• How did enlightenment scholars contribute to it?
    • Will be investigating a few real-life examples of how it was fabricated throughout history
  • North America – United States
    • How has colonialism impacted the United States – ex: genocide of Native Americans, involvement in the transatlantic slave trade (Amistad)
    • Shifting of the caste system – indigenous Americans being able to hold slaves
      • How did the relationship between these two people change afterwards?
  • Latin America/North America – Cuba/United States
    • How has colonialism impacted Cuba – ex: invasion from Spain, turmoil with the United States
    • Difference in views on “race” in Cuba vs. United States – see example of Afro-Cuban woman’s experience from journal article
      • Brief overview of what was discussed
      • Being in the intersection leads to the denial of a certain identity in a certain setting
      • Blackness does not only encompass one ethnic identity, but that is what has been burned into the mainstream until recent years
  • Africa – Rwanda
    • How has colonialism impacted Rwanda – ex: Tutsis v. Hutus and Rwandan genocide – Hotel Rwanda and one-two journal articles
      • The Hutus rejection of anti-Blackness from Belgium led them to feed into anti-Black stereotypes of violence and murder
    • The aftereffects – it can be argued that the impact of these events did not mentally affect the first generation of people the colonizers were interacting with
      • But it does so to everyone thereafter due to the post-traumatic stress disorder (PTSD) already integrated into their DNA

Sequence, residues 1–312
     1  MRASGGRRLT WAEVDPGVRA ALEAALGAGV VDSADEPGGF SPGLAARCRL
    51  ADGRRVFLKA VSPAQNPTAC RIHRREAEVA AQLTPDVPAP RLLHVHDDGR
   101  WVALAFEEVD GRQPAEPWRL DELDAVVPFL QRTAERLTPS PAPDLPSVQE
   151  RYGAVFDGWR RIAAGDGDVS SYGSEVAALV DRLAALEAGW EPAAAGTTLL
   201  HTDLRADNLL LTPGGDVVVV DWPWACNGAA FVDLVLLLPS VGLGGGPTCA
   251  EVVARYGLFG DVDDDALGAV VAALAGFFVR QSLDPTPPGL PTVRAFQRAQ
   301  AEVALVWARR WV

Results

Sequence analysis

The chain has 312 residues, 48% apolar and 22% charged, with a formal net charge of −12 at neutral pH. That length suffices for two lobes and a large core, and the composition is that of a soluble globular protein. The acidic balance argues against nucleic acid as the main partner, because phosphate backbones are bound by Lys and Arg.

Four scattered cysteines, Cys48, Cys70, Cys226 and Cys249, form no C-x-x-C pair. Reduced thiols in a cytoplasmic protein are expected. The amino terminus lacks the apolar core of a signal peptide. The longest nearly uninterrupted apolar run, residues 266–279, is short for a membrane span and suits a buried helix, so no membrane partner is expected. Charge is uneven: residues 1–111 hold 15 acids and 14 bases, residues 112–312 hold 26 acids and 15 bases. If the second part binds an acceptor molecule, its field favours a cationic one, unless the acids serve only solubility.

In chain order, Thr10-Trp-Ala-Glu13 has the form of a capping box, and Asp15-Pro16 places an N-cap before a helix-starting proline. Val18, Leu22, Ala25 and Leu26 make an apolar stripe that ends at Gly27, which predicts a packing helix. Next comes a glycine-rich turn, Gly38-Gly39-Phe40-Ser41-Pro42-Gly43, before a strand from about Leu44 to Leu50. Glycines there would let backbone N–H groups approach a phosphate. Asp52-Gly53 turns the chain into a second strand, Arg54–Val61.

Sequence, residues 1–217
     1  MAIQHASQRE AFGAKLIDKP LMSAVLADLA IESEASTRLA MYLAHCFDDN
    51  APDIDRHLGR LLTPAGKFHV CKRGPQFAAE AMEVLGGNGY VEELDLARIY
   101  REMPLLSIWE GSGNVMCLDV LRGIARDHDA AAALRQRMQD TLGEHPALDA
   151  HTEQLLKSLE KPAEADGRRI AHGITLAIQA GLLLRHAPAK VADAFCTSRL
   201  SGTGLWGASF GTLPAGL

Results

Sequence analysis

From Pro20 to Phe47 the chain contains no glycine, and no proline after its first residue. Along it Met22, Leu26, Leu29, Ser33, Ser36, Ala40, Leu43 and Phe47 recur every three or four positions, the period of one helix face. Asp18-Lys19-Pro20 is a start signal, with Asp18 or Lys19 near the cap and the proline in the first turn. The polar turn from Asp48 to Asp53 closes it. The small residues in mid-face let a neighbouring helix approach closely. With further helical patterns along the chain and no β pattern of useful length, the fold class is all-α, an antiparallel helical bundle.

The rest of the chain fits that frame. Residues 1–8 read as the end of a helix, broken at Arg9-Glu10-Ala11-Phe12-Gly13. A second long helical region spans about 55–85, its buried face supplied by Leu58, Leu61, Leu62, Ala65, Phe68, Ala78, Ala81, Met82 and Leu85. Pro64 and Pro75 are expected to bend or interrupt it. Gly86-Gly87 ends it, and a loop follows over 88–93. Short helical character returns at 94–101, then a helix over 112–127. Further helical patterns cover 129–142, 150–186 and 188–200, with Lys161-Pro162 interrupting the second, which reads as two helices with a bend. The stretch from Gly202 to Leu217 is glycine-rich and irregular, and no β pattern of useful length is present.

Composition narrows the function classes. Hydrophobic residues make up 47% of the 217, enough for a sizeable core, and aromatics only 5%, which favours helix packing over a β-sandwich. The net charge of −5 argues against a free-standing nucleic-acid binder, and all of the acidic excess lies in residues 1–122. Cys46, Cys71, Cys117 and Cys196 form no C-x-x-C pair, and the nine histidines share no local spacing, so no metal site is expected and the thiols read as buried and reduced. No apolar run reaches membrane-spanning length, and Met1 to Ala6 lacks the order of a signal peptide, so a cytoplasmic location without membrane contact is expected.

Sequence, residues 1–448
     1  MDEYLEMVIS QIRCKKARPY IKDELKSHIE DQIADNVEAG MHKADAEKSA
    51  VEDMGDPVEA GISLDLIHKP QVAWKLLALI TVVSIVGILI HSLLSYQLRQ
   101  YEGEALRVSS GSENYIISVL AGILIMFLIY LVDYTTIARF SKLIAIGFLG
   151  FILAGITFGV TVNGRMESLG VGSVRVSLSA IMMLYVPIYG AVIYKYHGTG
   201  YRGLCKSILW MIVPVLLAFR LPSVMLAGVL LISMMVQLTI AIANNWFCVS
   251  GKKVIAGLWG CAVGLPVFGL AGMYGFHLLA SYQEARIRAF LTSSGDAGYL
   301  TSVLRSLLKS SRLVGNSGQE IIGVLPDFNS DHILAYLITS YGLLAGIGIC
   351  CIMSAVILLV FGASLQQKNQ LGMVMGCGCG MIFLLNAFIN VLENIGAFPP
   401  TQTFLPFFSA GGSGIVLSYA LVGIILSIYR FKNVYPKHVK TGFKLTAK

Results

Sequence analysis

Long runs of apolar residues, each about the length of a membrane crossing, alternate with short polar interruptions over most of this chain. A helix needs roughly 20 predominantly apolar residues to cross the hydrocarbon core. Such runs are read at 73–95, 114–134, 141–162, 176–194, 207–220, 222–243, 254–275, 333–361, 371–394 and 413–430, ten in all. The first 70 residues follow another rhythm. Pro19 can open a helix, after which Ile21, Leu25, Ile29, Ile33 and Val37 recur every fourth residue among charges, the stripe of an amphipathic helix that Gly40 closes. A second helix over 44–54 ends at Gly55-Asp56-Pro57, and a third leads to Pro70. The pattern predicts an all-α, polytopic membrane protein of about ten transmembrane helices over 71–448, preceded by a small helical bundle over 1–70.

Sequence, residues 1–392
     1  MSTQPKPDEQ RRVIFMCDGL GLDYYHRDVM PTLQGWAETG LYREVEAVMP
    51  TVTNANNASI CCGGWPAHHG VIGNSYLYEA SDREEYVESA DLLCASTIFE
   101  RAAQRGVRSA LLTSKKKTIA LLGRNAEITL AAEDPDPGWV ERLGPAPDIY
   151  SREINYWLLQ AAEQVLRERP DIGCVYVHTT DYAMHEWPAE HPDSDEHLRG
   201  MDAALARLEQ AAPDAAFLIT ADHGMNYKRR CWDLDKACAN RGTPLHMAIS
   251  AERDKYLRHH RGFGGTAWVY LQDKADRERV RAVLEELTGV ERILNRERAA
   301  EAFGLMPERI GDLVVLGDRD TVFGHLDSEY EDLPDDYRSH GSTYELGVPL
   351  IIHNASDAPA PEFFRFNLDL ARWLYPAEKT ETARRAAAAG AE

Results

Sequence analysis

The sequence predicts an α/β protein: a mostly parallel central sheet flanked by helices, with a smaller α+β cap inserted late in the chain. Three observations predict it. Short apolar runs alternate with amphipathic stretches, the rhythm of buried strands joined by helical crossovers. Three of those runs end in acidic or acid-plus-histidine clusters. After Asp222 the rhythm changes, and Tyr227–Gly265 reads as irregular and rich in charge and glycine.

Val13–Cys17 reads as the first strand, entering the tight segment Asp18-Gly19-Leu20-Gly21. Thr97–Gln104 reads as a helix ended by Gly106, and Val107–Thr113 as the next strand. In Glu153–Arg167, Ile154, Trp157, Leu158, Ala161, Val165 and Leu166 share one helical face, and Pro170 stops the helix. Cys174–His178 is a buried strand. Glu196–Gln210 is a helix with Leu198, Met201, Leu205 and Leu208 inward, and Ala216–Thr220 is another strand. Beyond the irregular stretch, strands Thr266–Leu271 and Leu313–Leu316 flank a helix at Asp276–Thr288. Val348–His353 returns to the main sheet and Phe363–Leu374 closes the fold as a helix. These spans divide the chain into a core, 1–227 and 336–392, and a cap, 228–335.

• Does not downplay the tragedy of these historic events
    • Counterargument – European colonizers were not the ones to create anti-Blackness
      • However, they were the ones who heavily contributed to it—sought out these foreign lands for their own financial/economic gains, oppressed the people on those lands—example of this is converting many to Christianity, where they pulled the idea of conquering from
    • Conclusion
      • Restate thesis

Step five: THE WRITING PROCESS (two-three weeks)

Depending on how you allocate your time, you can write one-two pages/day for one week, spend the next week revising a draft, then refine a third and final draft during the week of the due date. On this schedule, I got my psychology final in two days before the due date, so it is absolutely doable.

  • Now all of this is based on the time between when you receive the assignment and the due date. In that case, you can adjust your timeline accordingly—but do not jump over any steps drastically.

At the end of the day, you can do whatever works best for you to get your paper solid. This piece simply serves as a guide to help you complete that process more easily. That said, I have one thing I want to leave you with—do not let the work consume you. Writing is a grueling process, but if you insert breaks into your schedule for friends, family and yourself, I assure you that you will feel productive and that you are putting your best work forth.

Tyler Lynch is a graduate of Harriton High School in Rosemont, Pennsylvania, USA.  She is currently a junior at Sarah Lawrence College in Bronxville, New York, concentrating in film, writing, and Black studies. She plans to continue her studies with a Masters in screenwriting soon after graduation. In her free time, she enjoys writing for pleasure, dancing and of course watching movies. You can connect with her on LinkedIn here